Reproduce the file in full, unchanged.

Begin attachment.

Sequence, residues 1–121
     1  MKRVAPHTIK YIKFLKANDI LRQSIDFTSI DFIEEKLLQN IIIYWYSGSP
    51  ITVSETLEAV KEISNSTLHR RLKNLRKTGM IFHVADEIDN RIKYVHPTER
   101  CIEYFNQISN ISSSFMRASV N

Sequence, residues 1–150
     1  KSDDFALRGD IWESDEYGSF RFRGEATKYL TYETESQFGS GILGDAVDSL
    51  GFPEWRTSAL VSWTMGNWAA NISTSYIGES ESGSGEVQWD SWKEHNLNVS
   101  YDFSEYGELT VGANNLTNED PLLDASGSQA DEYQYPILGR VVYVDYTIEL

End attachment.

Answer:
Sequence, residues 1–121
     1  MKRVAPHTIK YIKFLKANDI LRQSIDFTSI DFIEEKLLQN IIIYWYSGSP
    51  ITVSETLEAV KEISNSTLHR RLKNLRKTGM IFHVADEIDN RIKYVHPTER
   101  CIEYFNQISN ISSSFMRASV N

Sequence, residues 1–150
     1  KSDDFALRGD IWESDEYGSF RFRGEATKYL TYETESQFGS GILGDAVDSL
    51  GFPEWRTSAL VSWTMGNWAA NISTSYIGES ESGSGEVQWD SWKEHNLNVS
   101  YDFSEYGELT VGANNLTNED PLLDASGSQA DEYQYPILGR VVYVDYTIEL